Monday, December 9, 2013

Women's Football in Pakistan Creates Path for Self-Discovery

By: Morgan Sigrist
Produced & edited by: Tim Tripp

Women in Pakistan have been making strides in area of education and individualism, but perhaps one of the most unmentioned areas is the topic of women in sports.
Women of all ages are taking to fields and courts as badminton and table tennis are being left behind for previously thought to be “men’s only sports” of football, cricket and basketball; but problems due to lack of funding, physical education and support hinder the full potential of women’s athletics in Pakistan.
Sana Mahmud is the captain of the women’s football team for Pakistan, and is also an avid basketball player. Since 2007, Mahmud and her professional soccer team have won four gold medals within their country and traveled twice internationally to play football.

Sana Mahmud (bottom-center) Photo via UrduWire

“The culture is changing, but it’s a slow change,” said Mahmud. She explains, Pakistan is not a “fitness culture” and lacks a demographic for physical education. 
As a young girl in primary school, Mahmud found it difficult to follow her passion of football and basketball due to lack of funds, support from her school and facilities available for women.
It was difficult for her to find enough girls to join her in playing sports because men dominated the courts and fields, leaving it unavailable for women to join in. Mahmud would not let lack of funding or other resources to stop her, as she pleaded with her school principal to help form a girls’ basketball team. 
“There’s a lot of politics and lack of funding,” said Mahmud. It was through her hard work and perseverance that Mahmud formed a team without the knowledge of her principal.
Physical education has been far behind that of other countries such as neighboring India or the United States. For women, athletics are even more difficult because modesty and separation from men are part of the culture in Pakistan.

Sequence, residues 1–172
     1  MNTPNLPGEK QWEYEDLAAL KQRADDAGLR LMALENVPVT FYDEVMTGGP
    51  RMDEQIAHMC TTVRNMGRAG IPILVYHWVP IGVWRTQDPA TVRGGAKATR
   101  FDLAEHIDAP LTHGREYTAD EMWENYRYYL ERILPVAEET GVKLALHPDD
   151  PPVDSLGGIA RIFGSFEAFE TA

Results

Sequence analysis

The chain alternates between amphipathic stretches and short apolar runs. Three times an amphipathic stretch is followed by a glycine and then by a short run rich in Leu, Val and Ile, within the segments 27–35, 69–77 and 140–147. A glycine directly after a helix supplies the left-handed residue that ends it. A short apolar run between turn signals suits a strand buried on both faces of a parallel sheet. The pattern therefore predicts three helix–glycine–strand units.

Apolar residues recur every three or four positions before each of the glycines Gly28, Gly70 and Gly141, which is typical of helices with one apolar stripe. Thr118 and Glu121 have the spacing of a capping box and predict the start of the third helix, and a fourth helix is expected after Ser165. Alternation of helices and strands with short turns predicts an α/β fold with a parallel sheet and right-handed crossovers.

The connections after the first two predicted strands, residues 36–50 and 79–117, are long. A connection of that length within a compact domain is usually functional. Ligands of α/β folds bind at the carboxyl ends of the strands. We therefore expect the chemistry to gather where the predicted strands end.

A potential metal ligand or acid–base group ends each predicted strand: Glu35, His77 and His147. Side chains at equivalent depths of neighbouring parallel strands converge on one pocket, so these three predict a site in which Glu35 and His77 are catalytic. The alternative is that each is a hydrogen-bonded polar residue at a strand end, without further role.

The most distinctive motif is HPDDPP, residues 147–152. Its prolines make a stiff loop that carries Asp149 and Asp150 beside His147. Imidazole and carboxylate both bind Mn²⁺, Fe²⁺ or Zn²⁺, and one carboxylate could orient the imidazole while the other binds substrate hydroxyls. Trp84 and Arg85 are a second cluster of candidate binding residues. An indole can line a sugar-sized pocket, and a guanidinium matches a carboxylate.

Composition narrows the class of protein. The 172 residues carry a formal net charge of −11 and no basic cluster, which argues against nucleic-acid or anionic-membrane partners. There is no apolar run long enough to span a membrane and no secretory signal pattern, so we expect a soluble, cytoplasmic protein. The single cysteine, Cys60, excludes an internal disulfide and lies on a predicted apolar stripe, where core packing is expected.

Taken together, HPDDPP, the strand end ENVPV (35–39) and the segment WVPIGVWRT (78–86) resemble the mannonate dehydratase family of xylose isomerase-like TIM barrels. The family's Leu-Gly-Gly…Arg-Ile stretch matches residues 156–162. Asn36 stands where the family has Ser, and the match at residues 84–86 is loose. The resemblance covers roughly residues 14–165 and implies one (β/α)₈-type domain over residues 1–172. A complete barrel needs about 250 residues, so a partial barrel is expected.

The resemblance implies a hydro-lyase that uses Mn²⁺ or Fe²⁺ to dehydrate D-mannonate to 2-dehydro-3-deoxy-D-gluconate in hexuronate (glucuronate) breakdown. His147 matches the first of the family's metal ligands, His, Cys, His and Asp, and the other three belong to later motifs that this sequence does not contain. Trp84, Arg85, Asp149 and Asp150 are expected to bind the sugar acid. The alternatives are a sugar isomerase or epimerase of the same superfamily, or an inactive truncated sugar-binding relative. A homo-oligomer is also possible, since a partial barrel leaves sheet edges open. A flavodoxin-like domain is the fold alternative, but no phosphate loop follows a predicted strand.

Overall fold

As a woman in Pakistan, activities such going for a run or going to hang out with your friends to shoot hoops aren’t possible unless you find a women’s only park. These restrictions only pushed Mahmud to work harder and pursue her dreams of being on the field.

Pakistan's Young Rising Stars Women Football Club. Photo via PakistanToday

Ayeza Waheed grew up playing various sports such as football, basketball, badminton and swimming, but it was not until she moved to Islamabad that she honed in her love and skill of football. While the city offered better opportunities for football, there is still a lack of support.
The society does not really object to it but it is not given the same importance as a guy playing a sport on the same level as me (national level),” said Waheed. She has been part of the Young Rising Stars football program, and was selected to play for the Pakistan Football Federation. It has only been within the past nine years that women have been even part of the international specter in the athletic world according to Sadia Sheikh.
Sheikh is Congress and Executive member Pakistan Football federation, Chairperson Sindh Women Football Committee and Founder Diya Women Football Club located in Karachi the first Women Football Club established in Pakistan in the year 2004. She has been described as being “one of the pioneers” for women’s football in Pakistan. 
Mahmud is passionate about sports and the importance of sports education in the lives of both boys and girls, and attributes much of her success and joy to sports. With professional sports for women popping up in communities throughout Pakistan, women of all social, cultural and economic backgrounds can share in healthy experiences as a community. The women who participate in professional sports have greater sacrifices to face due to lack of support financially and academically.
When Mahmud’s team was invited by the US Embassy to play in the United States, the dean of her college refused to approve her leave, and along with some of her professors, threatened to freeze her classes if she left. “It wasn’t until people began doing articles about me after I returned that I got support from them,” said Mahmud.
Mahmud, like many Pakistani youth, doesn’t mind bending the rules to follow her dreams; even if it means tearing down the walls of social constructs. For Mahmud sports are a release or a “medicine” that allows her to explore her personal limits and abilities, while forming bonds and friendships with other women like herself.
As a Masters student in International Development, Mahmud wants to share the social and economic importance athletics for boys and girls. People are not educated on the importance of physical education because greater importance is placed on academics, so school sports and recreation centers are difficult to come by.
The importance of sports in these young women’s lives makes these challenges worth the fight. Mahmud explains how football has “changed their lives,” and created a way for women to become more empowered. For many of these women, there is little opportunity for them to do activities they enjoy, much less an opportunity to find their potential. “If women can do sports, they can find themselves,” said Mahmud. 

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